The Perfect Car
The Biography of John Barnard, Motorsport’s Most Creative Designer
John Barnard is one of the few designers of Formula 1 cars who deserves to be included in the same sentence as Colin Chapman, Gordon Murray, and Adrian Newey.
The latter’s defining mantra, “How can I do this better?” could also be the credo which drove Barnard to such obsessive lengths in his career but I would suggest that any resemblance between the two would end there. Because, on the evidence of The Perfect Car, Barnard was an extremely difficult man with whom to have had a professional relationship. He fell out with McLaren’s Teddy Mayer and Ron Dennis, Chaparral’s Jim Hall, Tom Walkinshaw (Arrows etc.), Benetton’s Flavio Briatore, and just about everybody who worked for Ferrari. Barnard was confrontational, lacked empathy, appeared emotionally stunted, had little time or respect for many of his peers, and had a temper with the shortest of fuses. But he was also responsible for some of the most important innovations in modern motorsport and, if imitation is the sincerest form of flattery, then the man some called the Prince of Darkness also had many admirers.
Barnard created the first carbon fiber monocoque, pioneered on the 1981 McLaren MP4, the paddle shift gearbox which first appeared on the 1989 Ferrari 640, and the multifunction steering wheel introduced on the Ferrari 647 in 1996. And those are just the best-known highlights. There’s along list to choose from and, unlike most innovations in Formula 1, two of Barnard’s are now found in an increasing number of normal road cars, as well as in the majority of upmarket sports cars. They are, of course, the paddle shift and the steering wheel control buttons. Appropriately enough, I can think of very few, if any, road cars whose steering wheels have such a superfluity of buttons and knobs as the current Ferrari 488GTB.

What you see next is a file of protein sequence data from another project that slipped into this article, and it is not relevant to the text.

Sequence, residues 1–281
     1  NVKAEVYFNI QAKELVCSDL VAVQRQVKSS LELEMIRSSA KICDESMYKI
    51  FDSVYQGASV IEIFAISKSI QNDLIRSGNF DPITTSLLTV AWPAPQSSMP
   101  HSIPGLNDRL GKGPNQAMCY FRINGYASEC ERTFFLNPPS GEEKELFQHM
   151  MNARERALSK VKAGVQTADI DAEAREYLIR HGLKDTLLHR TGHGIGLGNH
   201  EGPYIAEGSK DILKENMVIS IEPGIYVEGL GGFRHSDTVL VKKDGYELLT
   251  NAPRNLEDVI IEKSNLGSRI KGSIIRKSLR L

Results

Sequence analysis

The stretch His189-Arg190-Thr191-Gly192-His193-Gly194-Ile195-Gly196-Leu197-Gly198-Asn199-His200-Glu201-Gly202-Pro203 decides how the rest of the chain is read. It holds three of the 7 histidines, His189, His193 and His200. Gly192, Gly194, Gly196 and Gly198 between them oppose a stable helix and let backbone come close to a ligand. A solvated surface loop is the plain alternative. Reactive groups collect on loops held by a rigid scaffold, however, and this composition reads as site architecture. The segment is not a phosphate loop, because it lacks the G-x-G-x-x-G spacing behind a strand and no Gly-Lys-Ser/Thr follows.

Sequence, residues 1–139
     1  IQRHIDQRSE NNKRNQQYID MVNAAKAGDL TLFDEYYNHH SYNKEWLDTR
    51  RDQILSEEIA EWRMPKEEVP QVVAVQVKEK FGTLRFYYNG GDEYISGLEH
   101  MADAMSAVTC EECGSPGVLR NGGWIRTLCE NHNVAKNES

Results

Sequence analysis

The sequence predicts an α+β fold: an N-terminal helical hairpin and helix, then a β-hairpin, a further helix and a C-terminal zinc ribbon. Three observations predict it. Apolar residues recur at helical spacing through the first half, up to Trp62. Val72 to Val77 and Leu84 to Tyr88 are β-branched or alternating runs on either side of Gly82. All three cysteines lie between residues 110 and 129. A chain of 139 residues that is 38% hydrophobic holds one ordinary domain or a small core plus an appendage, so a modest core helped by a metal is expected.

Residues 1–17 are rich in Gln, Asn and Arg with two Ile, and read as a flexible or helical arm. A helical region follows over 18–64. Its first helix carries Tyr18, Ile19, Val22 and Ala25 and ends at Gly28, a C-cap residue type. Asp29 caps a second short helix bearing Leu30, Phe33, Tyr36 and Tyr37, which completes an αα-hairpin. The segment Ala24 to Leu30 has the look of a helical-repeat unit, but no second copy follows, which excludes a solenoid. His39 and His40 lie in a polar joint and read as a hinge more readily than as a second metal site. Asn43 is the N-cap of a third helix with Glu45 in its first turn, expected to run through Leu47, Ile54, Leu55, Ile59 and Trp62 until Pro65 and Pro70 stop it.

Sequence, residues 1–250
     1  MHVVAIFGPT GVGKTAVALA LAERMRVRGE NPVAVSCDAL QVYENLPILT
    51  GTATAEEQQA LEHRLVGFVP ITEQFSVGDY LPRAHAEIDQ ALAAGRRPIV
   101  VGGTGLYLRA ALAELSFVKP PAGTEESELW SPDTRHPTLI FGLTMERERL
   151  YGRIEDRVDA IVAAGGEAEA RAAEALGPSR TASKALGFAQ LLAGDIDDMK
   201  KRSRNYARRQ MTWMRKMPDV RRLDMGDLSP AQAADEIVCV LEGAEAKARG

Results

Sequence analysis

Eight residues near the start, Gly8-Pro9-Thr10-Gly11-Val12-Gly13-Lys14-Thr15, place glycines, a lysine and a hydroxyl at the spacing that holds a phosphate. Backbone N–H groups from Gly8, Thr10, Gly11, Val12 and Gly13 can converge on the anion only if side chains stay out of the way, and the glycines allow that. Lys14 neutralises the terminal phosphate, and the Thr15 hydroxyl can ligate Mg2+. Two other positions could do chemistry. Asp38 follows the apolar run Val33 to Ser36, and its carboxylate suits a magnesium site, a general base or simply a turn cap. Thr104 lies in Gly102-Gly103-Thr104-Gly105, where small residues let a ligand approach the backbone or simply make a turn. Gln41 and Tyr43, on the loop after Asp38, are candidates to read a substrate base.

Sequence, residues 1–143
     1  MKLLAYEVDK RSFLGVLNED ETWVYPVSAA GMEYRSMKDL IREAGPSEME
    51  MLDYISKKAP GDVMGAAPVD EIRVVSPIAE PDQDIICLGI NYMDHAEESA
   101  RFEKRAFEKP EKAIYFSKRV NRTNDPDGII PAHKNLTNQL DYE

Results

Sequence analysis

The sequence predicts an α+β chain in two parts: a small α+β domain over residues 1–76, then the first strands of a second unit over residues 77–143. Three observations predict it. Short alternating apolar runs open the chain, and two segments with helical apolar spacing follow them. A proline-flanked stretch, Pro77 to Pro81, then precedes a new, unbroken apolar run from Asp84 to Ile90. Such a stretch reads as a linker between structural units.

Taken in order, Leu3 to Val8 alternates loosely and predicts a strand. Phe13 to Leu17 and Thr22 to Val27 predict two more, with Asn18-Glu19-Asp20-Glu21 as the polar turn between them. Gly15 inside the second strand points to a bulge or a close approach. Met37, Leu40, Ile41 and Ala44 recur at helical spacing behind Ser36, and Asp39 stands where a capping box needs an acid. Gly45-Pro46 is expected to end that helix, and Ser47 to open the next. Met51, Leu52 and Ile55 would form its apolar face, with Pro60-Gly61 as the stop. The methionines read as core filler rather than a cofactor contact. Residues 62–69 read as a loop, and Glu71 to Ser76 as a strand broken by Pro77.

This is a big book of almost 600 pages, sumptuously printed on satisfyingly thick paper between faux carbon fiber cover boards. The typical online price of $53 reflects its quality. Freelance journalist Nick Skeens has produced a beautifully written and comprehensive biography and, although he does not come from a motor port background, the depth and clarity of his technical explanations are exemplary.
If I have a criticism it is that, at times, it feels as though the author has been blinded by the light of Barnard’s talents; even the book’s subtitle Motorsport’s Most Creative Designer is controversial at best and plain wrong at worst. There is sometimes an element of hagiography in this book and, whilst it certainly does not spoil the work, it did sometimes provoke the odd curse from this reader. Perhaps the best example of the stars in the author’s eyes is found in his account of the genesis of the carbon fiber MP4: “Barnard’s genius had inspired him not only to adopt cutting edge technology, master it and introduce it to motorsport but to actually push forward the work of rocket scientists. . . .” Which may be true in part but it glosses over the fact that carbon fiber was already in widespread use in other applications by 1981. Carbon fiber fishing rods and golf club shafts had been on sale for over a decade before the MP4 appeared. Further, Brabham’s Gordon Murray had also used the material, if not as extensively as Barnard did. Barnard deserves every credit for being the first to design a fully carbon fiber-bodied Grand Prix car but, even in 1980, the question was not if such a car would ever be made, but when.